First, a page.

''I don't think anyone would dare not do cellular in their territory,'' says Andrew Silton, an analyst with First Albany Corporation. ''They would be giving it away to non-phone companies'' that are competing for the business too, Silton says. The business is ''fairly capital intensive and will not earn them any money in the near term.'' Zane Barnes, designated chairman of Southwestern Bell Corporation, isn't expecting profits from the cellular business for five years yet.
But the business has tremendous potential. ''I see cellular going from a phone in the car, to a phone in the briefcase, to a phone in the pocket,'' comments William Weiss, the designated chairman of Ameritech, the Midwest holding company. Analysts estimate cellular will be pulling in $2.7 billion in revenues annually, nationwide, by the end of the decade.
The holding companies are gearing up for another business - customer premises equipment. They don't like the idea of selling phone equipment to residents, but business customers are another story. ''The residential market is a commodity business. You can go into any store today'' and buy a phone, Ameritech's Weiss points out. Businesses will need switching systems, sophisticated phones, and lines - and the regionals are eager to start selling. But analysts point out that this business will also be highly competitive.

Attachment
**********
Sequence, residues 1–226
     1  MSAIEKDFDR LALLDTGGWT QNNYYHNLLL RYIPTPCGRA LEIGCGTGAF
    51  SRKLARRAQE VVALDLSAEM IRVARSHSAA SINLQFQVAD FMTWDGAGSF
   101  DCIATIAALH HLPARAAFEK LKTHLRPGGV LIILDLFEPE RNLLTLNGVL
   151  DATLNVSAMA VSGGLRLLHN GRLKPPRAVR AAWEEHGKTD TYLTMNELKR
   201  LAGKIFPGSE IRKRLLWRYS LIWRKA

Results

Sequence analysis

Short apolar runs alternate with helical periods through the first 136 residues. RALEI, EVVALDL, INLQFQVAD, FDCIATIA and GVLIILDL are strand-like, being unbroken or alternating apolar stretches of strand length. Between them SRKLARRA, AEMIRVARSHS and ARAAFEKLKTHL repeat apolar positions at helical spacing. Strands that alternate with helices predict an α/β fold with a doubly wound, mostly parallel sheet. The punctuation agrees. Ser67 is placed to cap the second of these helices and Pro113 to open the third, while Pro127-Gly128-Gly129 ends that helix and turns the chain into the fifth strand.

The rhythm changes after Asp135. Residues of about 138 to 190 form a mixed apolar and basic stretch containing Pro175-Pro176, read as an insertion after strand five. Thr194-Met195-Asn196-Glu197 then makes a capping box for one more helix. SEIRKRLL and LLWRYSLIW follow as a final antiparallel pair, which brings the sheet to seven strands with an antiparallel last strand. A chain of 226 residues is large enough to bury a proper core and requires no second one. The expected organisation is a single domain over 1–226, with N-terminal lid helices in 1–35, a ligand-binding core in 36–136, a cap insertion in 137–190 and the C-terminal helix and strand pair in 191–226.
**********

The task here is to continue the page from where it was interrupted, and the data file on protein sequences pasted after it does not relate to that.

Competition - that's a sore spot with these companies. They complain about issues like bypass, whereby a company sets up its own cable or microwave tower to connect long-distance calls directly with a long-distance carrier, like MCI or Sprint. This way, it avoids the costs of going through the phone company to make the connection.
The regionals say they can't compete effectively for business customers because they can't price their services competitively. Because of divestiture, they are losing the long-distance revenue that has always subsidized the high cost of local calls. Yet local rates are still being regulated at below cost. The holding companies would like to see regulators move toward measured service, under which phone rates would be based on the cost of providing that service.
When the Federal Communications Commission approved an access fee plan in July, it was a step in this direction. The plan is designed eventually to replace the long-distance subsidy with revenues from local consumers. This shift will start next year by adding $2 a month to the cost of a residential phone line, and $6 a month to the cost of a business line. What the customers will be paying for is access, through their local phone company, to a long-distance carrier.
With Congress uncertain as to what it will do about phone service legislation , and with major local rate cases pending, executives and analysts agree that regulation is now the major concern for these phone companies.
''The key trouble,'' comments Andrew Silton, the First Albany analyst, ''is going to be regulatory.'' He thinks that in the end, ''those utility commissions really don't have any choices. They are going to have to do it (raise rates and restructure them).''
But Congress and the public are likely to put up a loud cry. And in the ensuing months ''you'll see a lot of fireworks,'' another analyst comments.